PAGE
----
How to build a modular Document Management System?

Of course the answer: The DocBox Software is build modular, and can therefore work in different constellations.

Server: This is the central WebServer running in on ROR, connecting with the database.

Scanner-Daemon: This process must be adapted per scanner, in my example using a Fujitso ScanSnap S1300 (described here in GitHub).

Converter-Daemon: This guy does all the work of processing the scanned images he received from the Scanner-Daemon, including OCR processing. For OCR on my local Cubietrack I am using ADOPE PDF, but it also supports tesseract (also pretty good results). I have the Convert-Daemon currently running on my PC and put it into auto-start. So when I boot my PC it automatically starts converting the images and does the OCR. Alternatively the Converter-Daemon could run a Raspberry PI - would just take longer 🙂

Hardware-Daemon: This is currently only implemented for my Cubietrack, you can see the wonderful GREEN button, that triggers the scanning of the document. Its an additional abstraction layer, so the SW can be more easily adjusted to new hardware.

Why is this useful?

This allows scaling and using multiple scanners in different locations, e.g. with one central converter and web-server daemon.  Using the AVAHI-daemon, there is no need to configure IP-addresses, as the components register themself.

How do all this Daemons communicate?

This took my quite a while to get running in a reliable way. But it works, the complete constellation runs for months without any issue.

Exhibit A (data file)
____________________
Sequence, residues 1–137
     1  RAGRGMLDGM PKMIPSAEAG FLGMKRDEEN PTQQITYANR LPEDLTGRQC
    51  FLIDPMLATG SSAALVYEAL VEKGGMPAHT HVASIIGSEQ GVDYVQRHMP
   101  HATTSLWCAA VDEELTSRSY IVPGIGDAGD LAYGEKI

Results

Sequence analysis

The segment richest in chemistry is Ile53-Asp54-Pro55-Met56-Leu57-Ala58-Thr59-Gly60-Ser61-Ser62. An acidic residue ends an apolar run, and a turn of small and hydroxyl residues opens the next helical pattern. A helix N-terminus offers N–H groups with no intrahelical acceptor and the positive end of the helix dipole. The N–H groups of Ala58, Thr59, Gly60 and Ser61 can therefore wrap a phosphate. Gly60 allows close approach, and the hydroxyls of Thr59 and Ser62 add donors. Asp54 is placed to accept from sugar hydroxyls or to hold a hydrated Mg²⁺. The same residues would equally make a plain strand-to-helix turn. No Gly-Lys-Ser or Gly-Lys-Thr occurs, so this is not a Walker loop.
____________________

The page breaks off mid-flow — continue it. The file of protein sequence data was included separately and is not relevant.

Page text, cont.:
3 Steps..ONLY
  1. On the same system as the WebServer an AVAHI-Daemon is running, that allows the other modules to use avahi-discover to find the DoxBox-Server in the network.
  2. Using the IP - Address and Port announced bay the AVAHI-Daemon, the external modules connect with the DocBox-Server and register its service by calling a specific URL (there is some need for additional security, but the assumption is, that we are running on a local network  - but I think more security can be easily added). The information that is registered at the server is the IP-address of the Daemon and its port.
  3. Now the server has IP-Address and Port and is using DRB - Distributed Object System for Ruby.

Because I think DRB is so nice, look at this code - so easy to have all the logic in an object available from a remote system.

# Server  ************************************
require 'drb/drb'

# The URI for the server to connect to

class TimeServer

  def get_current_time


# The object that handles requests on the server

$SAFE = 1   # disable eval() and friends

DRb.start_service(URI, FRONT_OBJECT)
# Wait for the drb server thread to finish before exiting.

# Client ************************************
require 'drb/drb'

# The URI to connect to (that was sent from the daemon)


timeserver = DRbObject.new_with_uri(SERVER_URI)
puts timeserver.get_current_time